How Can You Extend Patent Term Adjustment?

You can extend the patent term adjustment by doing the following:

  • Put Off Filing a Terminal Disclaimer. When you're dealing with PTA and possible double patent issues, the USPTO will probably tell you to go ahead with a terminal disclaimer. Wait as long as possible to do this. Sometimes you can change the language in the possible double patent application. If that's possible, you didn't actually need the terminal disclaimer.
  • Combine Two or More Applications. You might have two applications that might be rejected because of double patenting. If one has a PTA extension, try putting the information from the other patent into the extended term patent. You have a better chance if it is the same person examining both applications.
  • Get Rid of an Application. If you can't combine your applications, you might think about getting rid of the one without the extension. You have to decide if the aspects the shorter application protects are more important than getting a longer patent term.

How to Figure Out if a Patent is Still Enforced

To find out if a patent is still enforced, do the following steps:

  • Visit Google Patents, the USPTO, or the EPO to find the patent. If you find a utility patent with a number under 5,000,000, it's expired.
  • Check the patent term. USPTO patents after June 8, 1995, have a 20-year term. Utility and Plant Patents from before June 7, 1978, had a 17-year term and are expired. Design patents from before May 13, 2015, have a 14-year term. Design patents from after that date have a 15-year term. Both those terms start with the patent issue date.
  • Check whether the patents are terminal disclaimers. If that's the case, then their terms are tied to another patent. Most terminal disclaimers go for the "full statutory term" of the original patent. But you might find one that uses a specific date instead. If the terminal disclaimer says both, go with the term of the original patent, not the date the terminal disclaimer says.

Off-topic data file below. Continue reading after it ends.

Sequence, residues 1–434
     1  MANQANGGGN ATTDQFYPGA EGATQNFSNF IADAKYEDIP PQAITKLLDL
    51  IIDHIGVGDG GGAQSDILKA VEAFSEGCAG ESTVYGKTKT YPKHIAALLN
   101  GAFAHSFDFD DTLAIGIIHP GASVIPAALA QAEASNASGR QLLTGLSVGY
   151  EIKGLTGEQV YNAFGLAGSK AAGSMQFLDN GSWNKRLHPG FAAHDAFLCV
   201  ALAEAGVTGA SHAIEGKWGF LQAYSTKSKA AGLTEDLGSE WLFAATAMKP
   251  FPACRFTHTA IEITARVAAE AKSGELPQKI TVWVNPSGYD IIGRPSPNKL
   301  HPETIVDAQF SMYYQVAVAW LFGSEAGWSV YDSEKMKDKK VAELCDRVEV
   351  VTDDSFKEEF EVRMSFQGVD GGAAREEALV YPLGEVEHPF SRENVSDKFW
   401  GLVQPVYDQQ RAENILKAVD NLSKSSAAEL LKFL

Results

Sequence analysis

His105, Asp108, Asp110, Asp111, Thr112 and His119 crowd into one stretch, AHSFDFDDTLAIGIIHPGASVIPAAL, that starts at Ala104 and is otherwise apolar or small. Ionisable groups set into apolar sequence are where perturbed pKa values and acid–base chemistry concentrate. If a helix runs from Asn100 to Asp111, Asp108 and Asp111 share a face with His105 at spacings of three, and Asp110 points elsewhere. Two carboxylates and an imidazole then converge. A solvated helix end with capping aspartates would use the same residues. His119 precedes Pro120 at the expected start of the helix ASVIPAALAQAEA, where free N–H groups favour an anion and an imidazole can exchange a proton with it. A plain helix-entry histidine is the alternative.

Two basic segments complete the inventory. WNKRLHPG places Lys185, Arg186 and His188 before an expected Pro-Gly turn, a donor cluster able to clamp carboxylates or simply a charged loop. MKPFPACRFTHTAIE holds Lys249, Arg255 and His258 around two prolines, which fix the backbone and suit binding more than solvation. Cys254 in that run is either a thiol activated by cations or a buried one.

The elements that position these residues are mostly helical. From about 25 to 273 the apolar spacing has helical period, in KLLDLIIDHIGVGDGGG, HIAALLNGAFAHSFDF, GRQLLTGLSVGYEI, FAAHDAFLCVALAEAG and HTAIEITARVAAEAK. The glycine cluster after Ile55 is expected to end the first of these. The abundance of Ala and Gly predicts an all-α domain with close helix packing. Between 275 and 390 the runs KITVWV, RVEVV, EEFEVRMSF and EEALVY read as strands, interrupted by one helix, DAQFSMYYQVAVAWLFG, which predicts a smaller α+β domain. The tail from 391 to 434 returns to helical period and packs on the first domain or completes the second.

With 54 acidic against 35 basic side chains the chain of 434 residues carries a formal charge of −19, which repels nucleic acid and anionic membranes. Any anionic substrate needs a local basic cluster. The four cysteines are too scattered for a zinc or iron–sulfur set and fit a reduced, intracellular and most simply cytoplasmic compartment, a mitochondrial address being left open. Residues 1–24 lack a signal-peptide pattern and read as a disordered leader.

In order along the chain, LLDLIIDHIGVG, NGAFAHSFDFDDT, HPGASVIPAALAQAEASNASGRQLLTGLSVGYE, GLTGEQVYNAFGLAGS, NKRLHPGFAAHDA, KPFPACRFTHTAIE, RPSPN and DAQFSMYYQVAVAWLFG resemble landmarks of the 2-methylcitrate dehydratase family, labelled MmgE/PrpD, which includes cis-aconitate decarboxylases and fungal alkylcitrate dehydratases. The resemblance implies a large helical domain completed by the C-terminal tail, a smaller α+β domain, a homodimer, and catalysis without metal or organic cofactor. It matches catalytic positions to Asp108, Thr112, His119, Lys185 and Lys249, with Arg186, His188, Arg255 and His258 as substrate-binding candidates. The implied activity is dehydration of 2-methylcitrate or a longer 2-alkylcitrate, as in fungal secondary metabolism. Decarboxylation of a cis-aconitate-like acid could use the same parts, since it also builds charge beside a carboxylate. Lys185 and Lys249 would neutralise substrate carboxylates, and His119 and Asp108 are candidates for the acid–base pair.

• See if the term was ever extended. If a patent application was filed after May 29, 2000, patent office delays might have given those patents extensions. In January 2010, the Wyeth case stated the USPTO was calculating extensions incorrectly. This means patents from between August 2009 and March 2010 might have an additional adjustment. The patent holder would have had to file extra paperwork for this.
  • Some patents, such as foods and drugs, have special extensions. If FDA approval took up almost the entire patent term, some patents get an extension. Terminal disclaimers affect these special cases, too. Merck v. HI-TECH ruled that extensions are added on after terminal disclaimer dates. But that doesn't always happen, and sometimes terminal disclaimers aren't extended.
  • Did the court invalidate a patent? You might need a lawyer to help you figure this one out. A lawyer has access to case files through databases not available online.
  • Finally, check whether the Commissioner of Patents had an issued patent withdrawn. Also check whether utility patent fees have been paid on time.

Frequently Asked Questions

  • Do I Need a Lawyer to File a Terminal Disclaimer?

No. Inventors can file terminal disclaimers on their own. However, getting legal help is always a smart idea if you're facing litigation.

  • Should I Use the USPTO's Terminal Disclaimer Form as is?

Not necessarily. But if you want to alter it, always hire a lawyer to help you with the language.

  • How Do I File a Patent?

UpCounsel offers several resources for patent filing: